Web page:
Such a conjunction of infinite highness and low condescension, in the same person, is admirable. We see, by manifold instances, what a tendency a high station has in men, to make them to be of a quite contrary disposition. If one worm be a little exalted above another, by having more dust, or a bigger dunghill, how much does he make of himself! What a distance does he keep from those that are below him! And a little condescension is what he expects should be made much of, and greatly acknowledged. Christ condescends to wash our feet; but how would great men, (or rather the bigger worms,) account themselves debased by acts of far less condescension!”
The paradox of Jesus’ nature as lion and lamb transcends human imagination.
There is a paradox in his nature and a paradox in his experience.
Here is a more modern observation, coming from a professor of New Testament studies (Dale Allison) –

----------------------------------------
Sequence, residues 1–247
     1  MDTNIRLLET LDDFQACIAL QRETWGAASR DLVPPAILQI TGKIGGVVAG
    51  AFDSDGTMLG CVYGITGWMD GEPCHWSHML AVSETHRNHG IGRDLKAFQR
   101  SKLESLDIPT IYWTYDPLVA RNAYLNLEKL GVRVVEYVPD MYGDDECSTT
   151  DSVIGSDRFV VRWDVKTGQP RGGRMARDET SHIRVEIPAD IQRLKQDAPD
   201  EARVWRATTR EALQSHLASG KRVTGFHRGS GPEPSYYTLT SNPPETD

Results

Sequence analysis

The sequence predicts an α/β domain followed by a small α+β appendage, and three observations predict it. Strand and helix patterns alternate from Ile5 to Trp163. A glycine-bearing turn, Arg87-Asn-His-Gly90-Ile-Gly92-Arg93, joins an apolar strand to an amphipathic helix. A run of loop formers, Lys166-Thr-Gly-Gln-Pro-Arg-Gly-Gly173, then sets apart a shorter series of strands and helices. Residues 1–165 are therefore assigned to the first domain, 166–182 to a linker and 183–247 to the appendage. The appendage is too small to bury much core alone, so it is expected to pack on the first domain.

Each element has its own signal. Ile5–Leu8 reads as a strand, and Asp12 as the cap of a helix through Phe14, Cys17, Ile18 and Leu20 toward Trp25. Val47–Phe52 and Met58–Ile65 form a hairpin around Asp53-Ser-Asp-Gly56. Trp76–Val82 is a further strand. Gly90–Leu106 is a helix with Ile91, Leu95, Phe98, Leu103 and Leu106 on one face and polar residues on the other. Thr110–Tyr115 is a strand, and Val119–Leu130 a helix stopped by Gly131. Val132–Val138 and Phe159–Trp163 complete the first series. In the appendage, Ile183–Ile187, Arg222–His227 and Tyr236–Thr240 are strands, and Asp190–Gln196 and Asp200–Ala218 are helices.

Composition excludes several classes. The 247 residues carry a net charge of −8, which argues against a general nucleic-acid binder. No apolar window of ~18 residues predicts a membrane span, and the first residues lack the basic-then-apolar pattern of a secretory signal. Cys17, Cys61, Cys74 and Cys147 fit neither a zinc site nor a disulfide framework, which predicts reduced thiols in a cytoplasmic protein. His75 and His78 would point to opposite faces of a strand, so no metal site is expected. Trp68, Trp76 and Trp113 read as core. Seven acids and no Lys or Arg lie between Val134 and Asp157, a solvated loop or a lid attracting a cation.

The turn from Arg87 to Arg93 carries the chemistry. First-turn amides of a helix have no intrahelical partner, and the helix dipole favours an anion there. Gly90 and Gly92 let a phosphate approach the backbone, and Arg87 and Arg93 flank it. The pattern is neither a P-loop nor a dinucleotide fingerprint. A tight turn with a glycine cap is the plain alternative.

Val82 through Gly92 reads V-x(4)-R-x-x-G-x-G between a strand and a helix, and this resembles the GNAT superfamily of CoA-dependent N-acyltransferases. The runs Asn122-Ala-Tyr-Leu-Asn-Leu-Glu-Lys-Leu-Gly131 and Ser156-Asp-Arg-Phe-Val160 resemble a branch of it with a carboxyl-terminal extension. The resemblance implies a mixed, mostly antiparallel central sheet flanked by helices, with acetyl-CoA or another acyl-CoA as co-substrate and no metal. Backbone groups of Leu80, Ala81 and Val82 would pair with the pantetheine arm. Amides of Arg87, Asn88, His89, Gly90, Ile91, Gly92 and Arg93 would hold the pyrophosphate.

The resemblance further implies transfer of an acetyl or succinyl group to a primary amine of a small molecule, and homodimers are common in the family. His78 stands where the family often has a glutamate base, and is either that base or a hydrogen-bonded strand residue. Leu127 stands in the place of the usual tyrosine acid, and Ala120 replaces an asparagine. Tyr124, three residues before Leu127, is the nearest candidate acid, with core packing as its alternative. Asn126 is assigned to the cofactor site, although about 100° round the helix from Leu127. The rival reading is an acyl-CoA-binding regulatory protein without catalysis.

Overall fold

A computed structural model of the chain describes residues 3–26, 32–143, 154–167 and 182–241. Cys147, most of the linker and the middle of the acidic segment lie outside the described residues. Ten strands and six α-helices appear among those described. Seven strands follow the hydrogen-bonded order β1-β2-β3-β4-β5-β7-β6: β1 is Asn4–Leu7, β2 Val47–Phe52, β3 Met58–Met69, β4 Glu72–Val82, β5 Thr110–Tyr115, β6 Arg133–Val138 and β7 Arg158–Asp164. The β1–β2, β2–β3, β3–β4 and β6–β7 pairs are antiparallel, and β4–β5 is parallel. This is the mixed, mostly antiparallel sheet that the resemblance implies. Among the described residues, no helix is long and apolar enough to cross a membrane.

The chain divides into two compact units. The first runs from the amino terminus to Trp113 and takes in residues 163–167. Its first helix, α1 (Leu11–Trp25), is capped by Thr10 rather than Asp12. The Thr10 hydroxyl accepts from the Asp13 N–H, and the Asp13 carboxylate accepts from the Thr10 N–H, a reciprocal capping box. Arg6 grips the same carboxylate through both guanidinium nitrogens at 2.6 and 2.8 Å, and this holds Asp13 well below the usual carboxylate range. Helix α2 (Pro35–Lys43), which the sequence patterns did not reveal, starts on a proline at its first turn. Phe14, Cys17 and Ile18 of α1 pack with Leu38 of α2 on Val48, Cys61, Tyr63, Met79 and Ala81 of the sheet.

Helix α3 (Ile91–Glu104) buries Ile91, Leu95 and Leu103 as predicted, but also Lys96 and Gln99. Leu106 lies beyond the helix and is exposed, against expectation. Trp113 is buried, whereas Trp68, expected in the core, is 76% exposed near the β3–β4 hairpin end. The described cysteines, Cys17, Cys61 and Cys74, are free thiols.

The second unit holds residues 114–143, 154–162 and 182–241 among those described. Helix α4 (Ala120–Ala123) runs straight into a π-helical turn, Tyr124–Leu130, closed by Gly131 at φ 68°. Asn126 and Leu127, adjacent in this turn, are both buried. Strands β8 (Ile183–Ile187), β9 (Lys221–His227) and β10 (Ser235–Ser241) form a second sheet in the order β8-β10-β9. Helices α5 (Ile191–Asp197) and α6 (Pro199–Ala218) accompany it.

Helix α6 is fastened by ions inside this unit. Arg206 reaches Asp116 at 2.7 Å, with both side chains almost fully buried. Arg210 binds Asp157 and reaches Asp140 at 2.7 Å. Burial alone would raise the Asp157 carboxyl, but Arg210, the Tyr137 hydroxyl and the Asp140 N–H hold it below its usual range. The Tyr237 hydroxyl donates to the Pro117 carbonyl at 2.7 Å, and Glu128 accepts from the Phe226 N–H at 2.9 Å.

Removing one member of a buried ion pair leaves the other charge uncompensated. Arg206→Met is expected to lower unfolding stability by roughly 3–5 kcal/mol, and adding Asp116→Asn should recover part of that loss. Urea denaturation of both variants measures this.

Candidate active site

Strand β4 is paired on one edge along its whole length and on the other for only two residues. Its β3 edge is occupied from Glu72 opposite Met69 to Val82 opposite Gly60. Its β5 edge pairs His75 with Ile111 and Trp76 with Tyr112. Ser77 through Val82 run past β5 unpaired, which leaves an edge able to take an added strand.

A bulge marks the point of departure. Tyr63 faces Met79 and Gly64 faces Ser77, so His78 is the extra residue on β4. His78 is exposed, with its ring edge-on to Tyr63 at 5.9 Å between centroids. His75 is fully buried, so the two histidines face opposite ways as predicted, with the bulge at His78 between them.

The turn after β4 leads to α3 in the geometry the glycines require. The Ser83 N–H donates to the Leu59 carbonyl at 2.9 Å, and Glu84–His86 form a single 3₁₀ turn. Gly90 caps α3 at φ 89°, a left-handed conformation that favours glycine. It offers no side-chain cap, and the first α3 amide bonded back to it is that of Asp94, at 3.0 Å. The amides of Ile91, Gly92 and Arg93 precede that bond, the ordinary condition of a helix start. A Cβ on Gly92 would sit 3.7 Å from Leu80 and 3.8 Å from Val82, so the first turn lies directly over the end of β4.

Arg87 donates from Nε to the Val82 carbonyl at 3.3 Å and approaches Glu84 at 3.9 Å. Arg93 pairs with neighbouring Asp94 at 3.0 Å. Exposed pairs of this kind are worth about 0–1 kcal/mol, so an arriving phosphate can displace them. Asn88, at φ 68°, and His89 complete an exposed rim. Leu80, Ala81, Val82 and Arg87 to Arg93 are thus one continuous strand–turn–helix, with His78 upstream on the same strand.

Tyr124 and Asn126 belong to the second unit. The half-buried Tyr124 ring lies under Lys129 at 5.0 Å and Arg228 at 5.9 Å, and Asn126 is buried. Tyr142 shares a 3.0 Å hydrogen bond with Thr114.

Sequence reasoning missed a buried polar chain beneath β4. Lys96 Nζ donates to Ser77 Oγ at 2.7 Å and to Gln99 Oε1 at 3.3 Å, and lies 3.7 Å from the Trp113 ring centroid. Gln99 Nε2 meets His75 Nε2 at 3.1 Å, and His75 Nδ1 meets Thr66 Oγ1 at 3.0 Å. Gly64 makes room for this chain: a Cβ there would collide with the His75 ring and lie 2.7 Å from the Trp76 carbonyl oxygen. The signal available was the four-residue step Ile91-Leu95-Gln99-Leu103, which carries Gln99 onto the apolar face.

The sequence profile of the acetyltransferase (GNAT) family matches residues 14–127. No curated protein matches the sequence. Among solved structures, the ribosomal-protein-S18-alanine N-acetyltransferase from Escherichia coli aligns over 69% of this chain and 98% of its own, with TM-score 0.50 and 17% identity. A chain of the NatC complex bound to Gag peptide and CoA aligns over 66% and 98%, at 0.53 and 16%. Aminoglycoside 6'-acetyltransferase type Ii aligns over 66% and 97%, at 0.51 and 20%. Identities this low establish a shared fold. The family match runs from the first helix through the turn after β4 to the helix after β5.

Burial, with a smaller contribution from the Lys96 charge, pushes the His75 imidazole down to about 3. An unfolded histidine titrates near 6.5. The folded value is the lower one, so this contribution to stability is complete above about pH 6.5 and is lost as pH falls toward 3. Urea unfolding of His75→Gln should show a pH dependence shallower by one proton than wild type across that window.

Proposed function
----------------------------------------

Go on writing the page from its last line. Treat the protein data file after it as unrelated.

“The basic sequence of Jewish eschatology appears again and again in the sayings attributed to Jesus: suffering then vindication, tribulation then blessedness, death then life…Part of the reason that Jesus so fascinates and inspires is that his life incarnates the eschatological pattern. He is the coincidence of opposites, embodying in his own person the extremes of apocalyptic expectation, which means the extremes of human experience…
The tradition gives us a Jesus who knows how to laugh loudly and to wail miserably, a Jesus who knows the presence of God and the absence of God, a Jesus who experiences what some of us find long before we die: both heaven and hell.